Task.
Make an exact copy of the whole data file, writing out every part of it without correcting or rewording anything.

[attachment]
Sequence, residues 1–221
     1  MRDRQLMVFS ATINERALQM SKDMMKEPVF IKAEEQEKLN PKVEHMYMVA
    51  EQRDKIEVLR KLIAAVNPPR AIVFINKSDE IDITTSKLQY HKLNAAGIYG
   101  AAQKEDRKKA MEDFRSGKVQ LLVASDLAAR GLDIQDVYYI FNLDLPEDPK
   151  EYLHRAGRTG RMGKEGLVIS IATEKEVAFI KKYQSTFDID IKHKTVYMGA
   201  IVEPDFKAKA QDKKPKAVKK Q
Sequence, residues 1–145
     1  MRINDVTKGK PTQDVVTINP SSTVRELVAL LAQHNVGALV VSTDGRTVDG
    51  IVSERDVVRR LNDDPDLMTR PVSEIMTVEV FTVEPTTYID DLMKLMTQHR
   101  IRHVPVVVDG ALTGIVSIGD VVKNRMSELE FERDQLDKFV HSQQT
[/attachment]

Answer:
Sequence, residues 1–221
     1  MRDRQLMVFS ATINERALQM SKDMMKEPVF IKAEEQEKLN PKVEHMYMVA
    51  EQRDKIEVLR KLIAAVNPPR AIVFINKSDE IDITTSKLQY HKLNAAGIYG
   101  AAQKEDRKKA MEDFRSGKVQ LLVASDLAAR GLDIQDVYYI FNLDLPEDPK
   151  EYLHRAGRTG RMGKEGLVIS IATEKEVAFI KKYQSTFDID IKHKTVYMGA
   201  IVEPDFKAKA QDKKPKAVKK Q
Sequence, residues 1–145
     1  MRINDVTKGK PTQDVVTINP SSTVRELVAL LAQHNVGALV VSTDGRTVDG
    51  IVSERDVVRR LNDDPDLMTR PVSEIMTVEV FTVEPTTYID DLMKLMTQHR
   101  IRHVPVVVDG ALTGIVSIGD VVKNRMSELE FERDQLDKFV HSQQT